Blue-Tongued Skink Life Span
Kept properly, blue-tongued skinks can live for 15 to 20 years, and possibly longer.
blue-Tongued Skink Lighting and Temperature
Blue-tongued skink enclosures should have ambient temperatures on the cool side from 75 to 82 degrees Fahrenheit. The warm end should include a basking area of 90 to 100 degrees. This can be accomplished using an under-tank heating device, such as a heat mat or heat tape, and/or an overhead incandescent basking light or heat emitter. If both under-tank and overhead heat are provided, the overhead heating devices should be turned off at night. Daylight bulbs should be on a maximum of 12 hours each day. The cooler end of the enclosure can drop to 70 degrees at night.
Blue-Tongued Skink Substrate and Accessories
Blue-tongues may climb over rocks and logs, but they are not agile climbers. Be sure they cannot fall from any high areas, such as stacked rocks or branches, in their enclosures. Proper housing accessories include cork bark, Mopani wood, logs, large rocks and hide boxes or other shelters. Do not clutter the cage, as blue tongues enjoy plenty of open space. Elaborate decorations are unnecessary and will be rearranged by blue-tongues.
Aspen or cypress mulch (as long as it’s kept dry) can be used safely with blue-tongued skinks. Cedar chips, clay cat litter, orchid bark, and walnut shells should never be used, as these substrates may lead to toxicity, impaction, or respiratory concerns. Whichever substrate you choose, be sure your skink does not ingest it. Accidental ingestion can be deterred by using a feeding dish. Blue-tongues spend their time on the ground, so keep the substrate clean and maintained.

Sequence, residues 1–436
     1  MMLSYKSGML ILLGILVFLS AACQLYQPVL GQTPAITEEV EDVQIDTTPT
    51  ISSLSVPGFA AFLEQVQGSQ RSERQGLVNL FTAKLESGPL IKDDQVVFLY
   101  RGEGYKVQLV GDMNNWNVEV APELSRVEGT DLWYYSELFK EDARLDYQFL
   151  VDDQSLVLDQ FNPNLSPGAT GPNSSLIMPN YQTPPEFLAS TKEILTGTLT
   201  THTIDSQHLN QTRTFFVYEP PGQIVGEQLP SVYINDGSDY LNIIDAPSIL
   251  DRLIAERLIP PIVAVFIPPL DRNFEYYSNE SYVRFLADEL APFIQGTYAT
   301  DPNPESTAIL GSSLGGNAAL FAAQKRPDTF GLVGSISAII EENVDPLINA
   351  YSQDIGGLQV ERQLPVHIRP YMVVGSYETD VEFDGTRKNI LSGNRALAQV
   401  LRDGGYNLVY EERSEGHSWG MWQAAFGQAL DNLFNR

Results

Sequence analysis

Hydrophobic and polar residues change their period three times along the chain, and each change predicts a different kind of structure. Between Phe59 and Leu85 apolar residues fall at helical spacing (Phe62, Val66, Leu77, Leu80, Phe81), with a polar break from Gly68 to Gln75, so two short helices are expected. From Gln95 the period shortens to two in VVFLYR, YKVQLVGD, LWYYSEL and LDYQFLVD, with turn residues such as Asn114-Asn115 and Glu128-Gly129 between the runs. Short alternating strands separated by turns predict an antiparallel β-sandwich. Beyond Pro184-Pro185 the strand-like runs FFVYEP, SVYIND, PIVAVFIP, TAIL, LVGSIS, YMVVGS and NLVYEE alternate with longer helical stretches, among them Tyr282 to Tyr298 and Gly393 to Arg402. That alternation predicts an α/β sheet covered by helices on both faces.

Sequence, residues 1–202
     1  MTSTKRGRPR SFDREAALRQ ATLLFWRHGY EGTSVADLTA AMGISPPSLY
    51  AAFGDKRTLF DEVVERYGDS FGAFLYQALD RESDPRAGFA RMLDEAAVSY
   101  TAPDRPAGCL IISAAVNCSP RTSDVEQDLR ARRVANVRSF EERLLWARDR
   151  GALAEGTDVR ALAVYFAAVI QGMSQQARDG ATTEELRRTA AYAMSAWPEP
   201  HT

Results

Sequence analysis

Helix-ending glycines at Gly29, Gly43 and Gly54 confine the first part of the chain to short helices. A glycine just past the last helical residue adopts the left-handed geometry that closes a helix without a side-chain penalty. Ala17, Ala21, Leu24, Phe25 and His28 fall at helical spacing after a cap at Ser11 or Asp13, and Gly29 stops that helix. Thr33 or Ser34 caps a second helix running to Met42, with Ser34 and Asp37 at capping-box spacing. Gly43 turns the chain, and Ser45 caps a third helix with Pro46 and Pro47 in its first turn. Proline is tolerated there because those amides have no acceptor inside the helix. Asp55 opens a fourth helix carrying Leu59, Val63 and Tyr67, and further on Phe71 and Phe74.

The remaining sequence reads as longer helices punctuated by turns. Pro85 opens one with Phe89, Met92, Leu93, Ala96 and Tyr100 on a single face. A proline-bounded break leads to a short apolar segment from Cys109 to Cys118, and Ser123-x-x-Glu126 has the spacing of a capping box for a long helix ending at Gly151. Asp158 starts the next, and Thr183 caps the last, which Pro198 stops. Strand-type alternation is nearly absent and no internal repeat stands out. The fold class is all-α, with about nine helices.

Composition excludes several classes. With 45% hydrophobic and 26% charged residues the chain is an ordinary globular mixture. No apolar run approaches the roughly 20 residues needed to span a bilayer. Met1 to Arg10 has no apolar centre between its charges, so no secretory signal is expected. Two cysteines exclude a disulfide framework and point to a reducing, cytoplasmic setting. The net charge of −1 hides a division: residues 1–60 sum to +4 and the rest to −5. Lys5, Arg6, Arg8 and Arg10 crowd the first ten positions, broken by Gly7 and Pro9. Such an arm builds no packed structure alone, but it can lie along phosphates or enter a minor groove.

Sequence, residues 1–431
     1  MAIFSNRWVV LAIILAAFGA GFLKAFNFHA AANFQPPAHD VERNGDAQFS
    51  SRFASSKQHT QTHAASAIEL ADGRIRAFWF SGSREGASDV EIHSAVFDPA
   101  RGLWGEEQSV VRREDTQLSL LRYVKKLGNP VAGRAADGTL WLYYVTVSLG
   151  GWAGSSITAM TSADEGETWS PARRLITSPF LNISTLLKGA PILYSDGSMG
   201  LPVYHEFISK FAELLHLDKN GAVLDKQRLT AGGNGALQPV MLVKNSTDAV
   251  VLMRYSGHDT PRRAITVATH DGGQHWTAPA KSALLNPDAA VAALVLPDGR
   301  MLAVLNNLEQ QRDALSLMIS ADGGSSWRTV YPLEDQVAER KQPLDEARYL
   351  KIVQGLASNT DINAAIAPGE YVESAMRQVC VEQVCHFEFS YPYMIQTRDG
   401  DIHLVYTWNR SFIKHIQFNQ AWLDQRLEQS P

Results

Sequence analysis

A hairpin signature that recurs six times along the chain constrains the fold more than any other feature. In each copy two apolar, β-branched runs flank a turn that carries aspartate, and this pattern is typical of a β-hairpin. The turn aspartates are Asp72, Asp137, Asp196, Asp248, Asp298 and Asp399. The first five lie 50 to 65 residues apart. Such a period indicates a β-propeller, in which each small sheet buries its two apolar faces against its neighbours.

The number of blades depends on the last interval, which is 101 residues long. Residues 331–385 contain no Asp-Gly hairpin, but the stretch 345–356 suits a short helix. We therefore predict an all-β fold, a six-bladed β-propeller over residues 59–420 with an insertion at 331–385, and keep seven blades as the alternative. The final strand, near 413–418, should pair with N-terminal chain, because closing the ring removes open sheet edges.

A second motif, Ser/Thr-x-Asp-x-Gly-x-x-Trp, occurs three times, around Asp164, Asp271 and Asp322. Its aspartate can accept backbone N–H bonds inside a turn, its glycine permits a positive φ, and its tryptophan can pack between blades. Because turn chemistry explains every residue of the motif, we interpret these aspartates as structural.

Blue-Tongued Skink Handling and Temperament
Any new reptile, including a new blue-tongued skink, should be allowed to acclimate for a few days. It should not be handled until it is comfortable in its new environment. Once your new blue-tongue is feeding regularly, then handling can begin.
Initial handling sessions should be limited to 10 minutes or less per session. This can be done a couple of times each day during the acclimation process. Be sure to hold your blue-tongue close to the floor or over a bed, sofa, etc., in case you accidentally drop the lizard. Also be sure to fully support the skink’s entire body, which will help your pet to feel secure.
Blue-Tongued Skink Diet and Feeding
Blue-tongued skinks are extremely hardy lizards that will thrive on just about any diet, but a well-balanced diet will result in a more active, healthier blue-tongued skink.
Blue-tongues are omnivorous and should be fed a combination of proteins, vegetables/greens, and fruits. Variety is important. Switch protein sources and provide diversity when feeding canned foods. For each feeding, a ratio of 50 percent vegetables/greens, 40 percent protein, and 10 percent fruit is ideal. Adult blue-tongued skinks should be fed every two to three days. Young blue-tongues do best when fed every other day. Feed them as much as they will eat in one sitting. After your skink has stopped eating, uneaten food should be removed immediately.